NEW YORK (CNNMoney.com) -- It's been a long and winding road, but Apple finally began selling Beatles songs on iTunes on Tuesday.
Apple (AAPL, Fortune 500) debuted iTunes in 2003, and it quickly became the world's No. 1 seller of digital music. But until now, The Beatles have been one of the last remaining holdouts, choosing instead to sell their music exclusively on CDs, cassette tapes and records.
ITunes customers can now download all 13 of the Beatles remastered studio albums, and the "Red," "Blue" and two-volume "Past Masters" compilations albums. The albums cost either $12.99 or $19.99, and individual songs cost $1.29 each -- the highest end of Apple's per-song price range.
Fans can also download the entire Beatles Box Set for $149.99, which includes a film of the band's "Live at the Washington Coliseum, 1964" concert. Apple and The Beatles are allowing iTunes users to watch that film of the band's first U.S. concert for free throughout the remainder of 2010.
Apple CEO Steve Jobs is said to be a Beatles fan, and has been in negotiations for years with EMI Group, the Beatles' record label, and Apple Corps, the Beatles' business group. But like all other Beatles fans, Jobs had to download tracks from a CD if he wanted to listen to the British band's music on his iPod.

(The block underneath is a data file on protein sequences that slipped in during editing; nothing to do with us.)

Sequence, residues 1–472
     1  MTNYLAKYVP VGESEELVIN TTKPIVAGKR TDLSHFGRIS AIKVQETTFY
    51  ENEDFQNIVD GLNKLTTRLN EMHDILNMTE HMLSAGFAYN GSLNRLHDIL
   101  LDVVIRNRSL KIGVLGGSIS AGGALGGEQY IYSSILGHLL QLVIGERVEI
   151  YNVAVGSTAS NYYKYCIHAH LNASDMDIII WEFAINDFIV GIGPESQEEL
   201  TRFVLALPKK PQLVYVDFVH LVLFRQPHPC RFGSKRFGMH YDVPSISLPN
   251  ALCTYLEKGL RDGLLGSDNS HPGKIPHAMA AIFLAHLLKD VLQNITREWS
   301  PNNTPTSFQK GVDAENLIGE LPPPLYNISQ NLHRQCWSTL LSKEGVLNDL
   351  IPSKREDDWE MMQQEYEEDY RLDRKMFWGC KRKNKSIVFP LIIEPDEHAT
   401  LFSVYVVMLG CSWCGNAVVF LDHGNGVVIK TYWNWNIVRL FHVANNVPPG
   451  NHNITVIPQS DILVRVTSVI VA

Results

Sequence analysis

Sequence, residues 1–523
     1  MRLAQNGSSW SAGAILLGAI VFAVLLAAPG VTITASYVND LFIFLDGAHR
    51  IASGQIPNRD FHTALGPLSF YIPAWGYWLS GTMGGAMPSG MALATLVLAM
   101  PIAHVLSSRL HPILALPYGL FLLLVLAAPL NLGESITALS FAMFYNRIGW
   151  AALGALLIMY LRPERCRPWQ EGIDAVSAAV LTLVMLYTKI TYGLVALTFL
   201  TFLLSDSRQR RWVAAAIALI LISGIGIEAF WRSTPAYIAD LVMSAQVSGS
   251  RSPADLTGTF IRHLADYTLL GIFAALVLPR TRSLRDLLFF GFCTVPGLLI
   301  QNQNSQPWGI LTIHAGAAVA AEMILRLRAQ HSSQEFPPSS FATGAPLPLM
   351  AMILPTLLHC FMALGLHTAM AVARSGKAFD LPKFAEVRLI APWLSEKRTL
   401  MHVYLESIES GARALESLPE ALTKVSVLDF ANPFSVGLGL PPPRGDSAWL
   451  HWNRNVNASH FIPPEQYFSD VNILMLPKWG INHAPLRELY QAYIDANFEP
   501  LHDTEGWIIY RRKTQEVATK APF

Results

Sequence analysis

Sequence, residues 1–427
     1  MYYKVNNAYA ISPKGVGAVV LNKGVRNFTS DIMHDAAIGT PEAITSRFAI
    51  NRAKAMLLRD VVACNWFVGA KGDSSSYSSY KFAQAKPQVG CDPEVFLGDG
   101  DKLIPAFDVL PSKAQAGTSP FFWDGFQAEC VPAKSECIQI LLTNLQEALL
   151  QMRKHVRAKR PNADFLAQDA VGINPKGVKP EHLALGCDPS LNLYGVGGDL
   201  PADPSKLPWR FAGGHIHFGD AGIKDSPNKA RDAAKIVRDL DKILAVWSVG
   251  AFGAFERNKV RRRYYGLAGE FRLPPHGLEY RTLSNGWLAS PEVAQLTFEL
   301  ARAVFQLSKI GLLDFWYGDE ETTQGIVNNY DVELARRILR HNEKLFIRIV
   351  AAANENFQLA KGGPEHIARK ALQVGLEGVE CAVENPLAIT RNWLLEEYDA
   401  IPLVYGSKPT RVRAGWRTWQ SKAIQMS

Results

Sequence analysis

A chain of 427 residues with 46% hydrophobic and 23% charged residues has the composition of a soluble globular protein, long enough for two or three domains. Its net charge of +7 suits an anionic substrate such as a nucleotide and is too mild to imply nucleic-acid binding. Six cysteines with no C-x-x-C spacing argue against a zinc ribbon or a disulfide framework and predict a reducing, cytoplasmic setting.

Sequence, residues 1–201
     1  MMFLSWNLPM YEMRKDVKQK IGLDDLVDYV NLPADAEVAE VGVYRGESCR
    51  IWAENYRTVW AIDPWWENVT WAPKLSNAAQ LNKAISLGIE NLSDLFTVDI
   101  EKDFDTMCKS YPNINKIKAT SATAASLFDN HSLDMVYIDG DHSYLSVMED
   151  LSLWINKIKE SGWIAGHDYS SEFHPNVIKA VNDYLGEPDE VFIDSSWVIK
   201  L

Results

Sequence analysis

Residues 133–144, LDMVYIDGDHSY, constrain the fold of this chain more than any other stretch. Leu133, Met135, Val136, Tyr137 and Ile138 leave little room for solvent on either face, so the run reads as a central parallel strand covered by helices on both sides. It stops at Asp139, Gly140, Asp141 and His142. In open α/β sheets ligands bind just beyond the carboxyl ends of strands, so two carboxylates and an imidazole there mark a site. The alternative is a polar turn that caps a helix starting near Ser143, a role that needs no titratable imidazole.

CD sales have plummeted since Napster and then iTunes made their way onto the scene. Sales of music from physical stores was outpaced by iTunes sales in 2005.
But the Beatles have been resilient, remaining one of the most popular purchases throughout the digital music era. Despite their lack of presence on iTunes and other digital music stores, The Beatles' compilation album "1" was the best-selling album of last decade, according to Nielsen Soundscan. And last year, Nielsen said the Beatles were No. 3 in album sales.
The Beatles haven't been the only holdout. AC/DC, Kid Rock and Bob Seger are among the small handful of other notable major artists that don't sell their music on iTunes.
The decision to sell their music on iTunes came after a couple of other un-Beatles-like business decisions in recent years. Late last year, the Beatles allowed technicians to access their original master recordings to remaster all of their music. They also appeared in a video game by Harmonix called Beatles Rock Band.
The band long claimed that the reason its music wasn't on iTunes was that digital music was of inferior quality to CDs and records. But legal issues also may also been a factor. Apple and The Beatles have had a tense relationship for more than three decades.
In 1978, Apple Corps sued Apple Computer for trademark infringement. As part of a settlement reached three years later, Apple Computer agreed not to enter the music business.
Two lawsuits followed over alleged violations of that agreement. One was settled in 1991, with Apple Inc. paying $29 million to end the disagreement. A later fight went to trial, during which a court ruled that iTunes did not violate Apple Computer's agreement with Apple Corps.
Finally, in 2007, the two sides agreed to end their legal spats. Apple Inc. (formerly Apple Computer) took ownership of all trademarks related to the name "Apple" and licensed some of those back to Apple Corps.
The Beatles and Apple did not disclose terms of the latest agreement.
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